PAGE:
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Maxtor DiamondMax Plus D740X


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Maxtor DiamondMax Plus D740X
  October 9, 2001 Author: Eugene Ra  

Maxtor DiamondMax Plus D740X Available Capacities *
Model Number
Capacity
6L020J1
20 GB
6L040J2
40 GB
6L060J3
60 GB
6L080J4
80 GB
Estimated Flagship Price: $240 (80 GB)
Evaluation unit provided by Maxtor Corporation.


Introduction

It's hard to believe that it's been nine months since we last reviewed a 7200 RPM drive from Maxtor. We remember a time when performance releases from the manufacturer were so frequent that they dizzied the average reader. These days it seems like rival Western Digital has been the one refreshing its performance ATA lineup with unbelievable speed. When it comes to areal density, however, it seems that WD has taken a breather of sorts. As a result, Maxtor joins Seagate as the second manufacturer to ship a 40 GB/platter, 7200 RPM drive in volume.

Maxtor's DiamondMax Plus D740X is the first 7200 RPM drive shipped by the company since its acquisition of Quantum's hard drive division. The drive's enclosure, in fact, looks much more like a Fireball series drive rather than a DiamondMax. Just how much product and research did Maxtor inherit? Perhaps they received quite a bit more than the average reader thinks. In the end, though, it's all irrelevant. Does the combined might of Maxtor and Quantum's ATA accomplishments deliver a winner? We'll find out shortly.

Though in the past Maxtor's been notable for sticking to its guns in high platter counts, the flagship D740X features just two platters. At 40 GB each, this yields a flagship capacity of 80 gigabytes. The drive features a specified seek time of just 8.5 milliseconds, Maxtor's lowest claim yet. A standard 2-megabyte buffer rounds out the package.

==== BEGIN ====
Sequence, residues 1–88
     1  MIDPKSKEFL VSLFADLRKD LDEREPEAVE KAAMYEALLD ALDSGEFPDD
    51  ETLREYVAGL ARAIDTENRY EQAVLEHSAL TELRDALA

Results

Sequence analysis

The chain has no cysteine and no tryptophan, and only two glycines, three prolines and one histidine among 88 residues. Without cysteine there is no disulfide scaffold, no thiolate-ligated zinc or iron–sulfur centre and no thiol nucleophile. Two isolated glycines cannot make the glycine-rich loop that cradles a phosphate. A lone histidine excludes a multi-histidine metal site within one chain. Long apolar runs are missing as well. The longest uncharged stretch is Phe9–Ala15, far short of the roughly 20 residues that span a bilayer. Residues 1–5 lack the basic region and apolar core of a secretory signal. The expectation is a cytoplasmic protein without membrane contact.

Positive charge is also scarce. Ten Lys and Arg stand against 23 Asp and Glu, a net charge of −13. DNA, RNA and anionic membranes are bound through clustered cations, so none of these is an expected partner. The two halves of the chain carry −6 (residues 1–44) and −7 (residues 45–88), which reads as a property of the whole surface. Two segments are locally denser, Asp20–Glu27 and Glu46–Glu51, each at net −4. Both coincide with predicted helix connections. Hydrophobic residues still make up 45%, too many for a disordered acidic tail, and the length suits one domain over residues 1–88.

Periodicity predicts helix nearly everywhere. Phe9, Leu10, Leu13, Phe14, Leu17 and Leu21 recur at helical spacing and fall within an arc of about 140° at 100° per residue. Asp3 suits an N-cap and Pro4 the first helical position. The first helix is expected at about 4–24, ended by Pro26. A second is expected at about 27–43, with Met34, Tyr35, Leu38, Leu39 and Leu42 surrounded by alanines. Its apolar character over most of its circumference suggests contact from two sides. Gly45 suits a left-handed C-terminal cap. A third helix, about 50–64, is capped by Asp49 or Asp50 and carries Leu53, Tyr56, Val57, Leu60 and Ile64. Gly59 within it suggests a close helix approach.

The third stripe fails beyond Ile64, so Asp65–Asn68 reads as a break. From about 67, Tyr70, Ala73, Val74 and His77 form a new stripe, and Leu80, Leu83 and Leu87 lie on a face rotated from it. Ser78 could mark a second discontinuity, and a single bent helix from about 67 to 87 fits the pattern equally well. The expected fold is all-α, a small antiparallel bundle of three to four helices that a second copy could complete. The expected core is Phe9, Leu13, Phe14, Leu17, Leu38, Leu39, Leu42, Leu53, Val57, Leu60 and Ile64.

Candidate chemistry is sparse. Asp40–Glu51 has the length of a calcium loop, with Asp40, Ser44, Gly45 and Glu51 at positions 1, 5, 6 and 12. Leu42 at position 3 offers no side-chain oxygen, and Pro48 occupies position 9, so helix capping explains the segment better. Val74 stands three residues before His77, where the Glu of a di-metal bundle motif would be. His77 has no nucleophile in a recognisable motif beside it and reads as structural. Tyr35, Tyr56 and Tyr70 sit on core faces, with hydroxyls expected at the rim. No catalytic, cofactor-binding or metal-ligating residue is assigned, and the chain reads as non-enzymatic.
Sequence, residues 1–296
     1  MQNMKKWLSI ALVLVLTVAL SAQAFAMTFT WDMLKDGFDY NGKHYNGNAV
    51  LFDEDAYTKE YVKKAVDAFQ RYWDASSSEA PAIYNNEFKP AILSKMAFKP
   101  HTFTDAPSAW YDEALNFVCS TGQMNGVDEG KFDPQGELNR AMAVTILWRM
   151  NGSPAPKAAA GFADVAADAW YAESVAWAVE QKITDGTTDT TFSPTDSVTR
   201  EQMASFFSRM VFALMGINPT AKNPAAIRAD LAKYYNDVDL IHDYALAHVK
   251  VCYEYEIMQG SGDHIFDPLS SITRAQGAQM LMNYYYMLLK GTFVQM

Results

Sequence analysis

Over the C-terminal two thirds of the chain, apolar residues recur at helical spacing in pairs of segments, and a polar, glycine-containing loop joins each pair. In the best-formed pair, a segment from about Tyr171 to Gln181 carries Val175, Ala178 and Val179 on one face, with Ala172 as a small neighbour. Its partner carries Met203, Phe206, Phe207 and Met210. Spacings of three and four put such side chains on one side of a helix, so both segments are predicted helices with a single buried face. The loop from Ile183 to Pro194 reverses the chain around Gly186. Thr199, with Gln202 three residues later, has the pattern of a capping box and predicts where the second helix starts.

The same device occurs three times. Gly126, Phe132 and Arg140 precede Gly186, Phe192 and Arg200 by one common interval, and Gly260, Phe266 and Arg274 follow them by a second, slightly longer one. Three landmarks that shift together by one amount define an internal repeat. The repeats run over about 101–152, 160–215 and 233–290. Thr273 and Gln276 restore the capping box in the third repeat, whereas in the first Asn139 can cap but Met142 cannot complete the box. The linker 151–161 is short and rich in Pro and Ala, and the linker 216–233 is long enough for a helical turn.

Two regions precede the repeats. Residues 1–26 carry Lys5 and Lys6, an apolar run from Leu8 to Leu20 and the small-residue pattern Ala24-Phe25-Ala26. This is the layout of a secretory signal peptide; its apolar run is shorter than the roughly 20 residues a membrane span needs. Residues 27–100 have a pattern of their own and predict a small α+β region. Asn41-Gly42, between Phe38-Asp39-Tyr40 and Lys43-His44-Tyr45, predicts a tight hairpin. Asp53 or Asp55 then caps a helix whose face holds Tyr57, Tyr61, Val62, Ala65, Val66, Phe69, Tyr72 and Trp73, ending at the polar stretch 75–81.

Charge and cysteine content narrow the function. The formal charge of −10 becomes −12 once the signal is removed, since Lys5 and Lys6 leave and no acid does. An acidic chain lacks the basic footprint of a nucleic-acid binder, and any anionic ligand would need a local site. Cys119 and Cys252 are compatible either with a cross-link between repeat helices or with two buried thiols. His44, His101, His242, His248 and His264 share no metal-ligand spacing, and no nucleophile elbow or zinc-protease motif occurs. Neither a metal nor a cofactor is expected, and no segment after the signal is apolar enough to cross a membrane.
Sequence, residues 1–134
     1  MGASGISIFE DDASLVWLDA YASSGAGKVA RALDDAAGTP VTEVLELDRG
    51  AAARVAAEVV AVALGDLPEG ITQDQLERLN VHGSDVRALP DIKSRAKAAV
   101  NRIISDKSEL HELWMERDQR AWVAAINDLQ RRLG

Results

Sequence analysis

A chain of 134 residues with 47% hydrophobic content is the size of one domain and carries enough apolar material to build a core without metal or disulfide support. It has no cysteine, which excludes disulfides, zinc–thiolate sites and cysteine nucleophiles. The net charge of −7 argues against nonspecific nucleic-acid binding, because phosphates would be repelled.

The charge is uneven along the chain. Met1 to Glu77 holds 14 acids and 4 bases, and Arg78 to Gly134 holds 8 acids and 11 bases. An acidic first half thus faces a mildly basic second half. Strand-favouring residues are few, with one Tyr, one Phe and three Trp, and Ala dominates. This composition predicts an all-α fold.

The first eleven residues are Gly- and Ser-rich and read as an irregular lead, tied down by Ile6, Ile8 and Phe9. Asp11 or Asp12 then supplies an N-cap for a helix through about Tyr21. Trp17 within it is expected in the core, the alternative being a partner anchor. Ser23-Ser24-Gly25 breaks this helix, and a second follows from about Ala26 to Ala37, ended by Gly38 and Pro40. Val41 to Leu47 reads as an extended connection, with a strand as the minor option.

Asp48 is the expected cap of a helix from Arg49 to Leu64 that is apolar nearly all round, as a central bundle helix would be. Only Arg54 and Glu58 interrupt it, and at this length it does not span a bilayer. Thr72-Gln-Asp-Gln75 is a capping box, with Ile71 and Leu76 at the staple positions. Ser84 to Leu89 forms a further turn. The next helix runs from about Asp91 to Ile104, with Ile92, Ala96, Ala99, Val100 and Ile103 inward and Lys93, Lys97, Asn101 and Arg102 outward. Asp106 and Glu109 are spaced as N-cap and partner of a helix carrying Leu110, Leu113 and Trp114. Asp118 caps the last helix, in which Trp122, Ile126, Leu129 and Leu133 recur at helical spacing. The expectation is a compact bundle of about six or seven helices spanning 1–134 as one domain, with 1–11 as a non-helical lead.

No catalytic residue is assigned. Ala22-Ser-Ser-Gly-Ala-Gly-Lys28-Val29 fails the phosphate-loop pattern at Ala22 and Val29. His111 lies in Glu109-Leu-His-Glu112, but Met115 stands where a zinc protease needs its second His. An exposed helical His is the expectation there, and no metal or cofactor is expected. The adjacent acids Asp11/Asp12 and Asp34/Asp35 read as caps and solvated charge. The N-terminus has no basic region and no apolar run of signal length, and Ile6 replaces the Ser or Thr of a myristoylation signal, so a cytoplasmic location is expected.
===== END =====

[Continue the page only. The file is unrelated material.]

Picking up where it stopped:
Maxtor plans to offer the D740X in versions featuring standard ball-bearings as well as purportedly quieter and more reliable fluid dynamic bearings. At the time of this review, Maxtor was only able to supply us an 80 GB drive featuring standard bearings. The D740X is also the first drive to feature the ATA-133 interface, an interface that increases available bandwidth. Though the benefit of such headroom over ATA-100 is questionable (especially in 32-bit, 33 MHz slots), we plan to retest the D740X when Maxtor supplies us with an ATA-133 controller. As part of our upcoming "Testbed 2.5" revisions, we'll also retest other ATA drives in ATA-100 mode.

Unlike other recent Maxtor drives, the 740DX doesn't support write verification. Further, it shipped to us with Automatic Acoustic Management disabled- i.e., maximum-performance mode.

As the manufacturer's new 7200 RPM product, the D740X targets power-users looking to upgrade to the latest and greatest in desktop storage. It also competes in the market for entry-level file and web servers. A 3-year warranty backs the drive.

 Low-Level Measurements...


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